Of course, Jay, as an example of an early limousine liberal who only says and writes the progressive claptrap he does for show, is a vegetarian and recoils at the very idea of hunting. That doesn’t mean he won’t take the credit for the first night’s dinner when Floyd says Jay himself shot the beast. And credit for all the kills after that. He exults in the testosterone fantasy that gives him as his wife Julie (Sarah Gadon, making the absolute most of her also-underwritten role) regards him with new appreciation and “Siegfried’s Death March” swells in all its Wagnerian glory on the soundtrack.
The message is clear, equivocating from the filmmakers aside: liberal males are hypocrites who only profess the things they do because they can’t be the Alpha Male they secretly fantasize to be. Unless, of course, they somehow can ultimately live out that Alpha Male fantasy. The sheer likability of Floyd and the detestability of Magnussen’s portrayal of Jay allows for few other readings.
It turns out the entire plot is motivated as a plan to get revenge because of the people forced out of work when the pandemic lockdown happened; as if it was only clueless elites able to escape to their mansions who were advocating for the lockdowns to happen. The fact that Jay checks so many liberal signifier boxes (by the time he passionately calls for defending the rights of women and immigrants after showing no other interest in advocating for them to that point, he’s basically “Virtue Signaling, The Character”) suggests a side has been taken here. It even includes a moment that says we should be a lot more careful to label just anybody as “an insurrectionist.”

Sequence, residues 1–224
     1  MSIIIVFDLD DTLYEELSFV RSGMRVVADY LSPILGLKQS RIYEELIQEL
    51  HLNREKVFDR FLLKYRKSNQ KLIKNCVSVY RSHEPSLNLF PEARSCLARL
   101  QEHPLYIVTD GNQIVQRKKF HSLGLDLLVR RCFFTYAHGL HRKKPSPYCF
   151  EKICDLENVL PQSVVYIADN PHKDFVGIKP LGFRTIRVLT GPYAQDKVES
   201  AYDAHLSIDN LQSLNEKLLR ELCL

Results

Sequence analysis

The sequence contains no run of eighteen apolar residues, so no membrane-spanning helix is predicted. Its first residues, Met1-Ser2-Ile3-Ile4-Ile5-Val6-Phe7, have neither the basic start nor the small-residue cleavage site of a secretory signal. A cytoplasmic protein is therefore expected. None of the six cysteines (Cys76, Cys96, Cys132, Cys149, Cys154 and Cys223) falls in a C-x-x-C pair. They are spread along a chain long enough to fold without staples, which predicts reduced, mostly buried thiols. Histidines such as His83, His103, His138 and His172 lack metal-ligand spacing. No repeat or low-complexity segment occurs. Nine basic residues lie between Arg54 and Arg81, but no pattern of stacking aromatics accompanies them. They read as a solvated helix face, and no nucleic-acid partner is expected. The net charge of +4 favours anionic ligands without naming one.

Stark and Schuman should have more guts and just own what their movie is. But “Coup!” doesn’t really own anything. Not its politics (maybe for the sake of deniability by some involved). Not its own nastiness: “Coup!” is actually a lot less biting in the end than “Parasite” or “Triangle of Sadness,” or even “The Menu.” Nor its 1918 setting, which is barely fleshed out through only the most perfunctory period production and costume design.
It would have been infinitely more marketable if “Coup!” had just been a direct satire of 2020, if at least to Shapiro’s own distribution company. With “Coup!” so reluctant to own anything, it’s hard to imagine many viewers are going to buy what it has to say.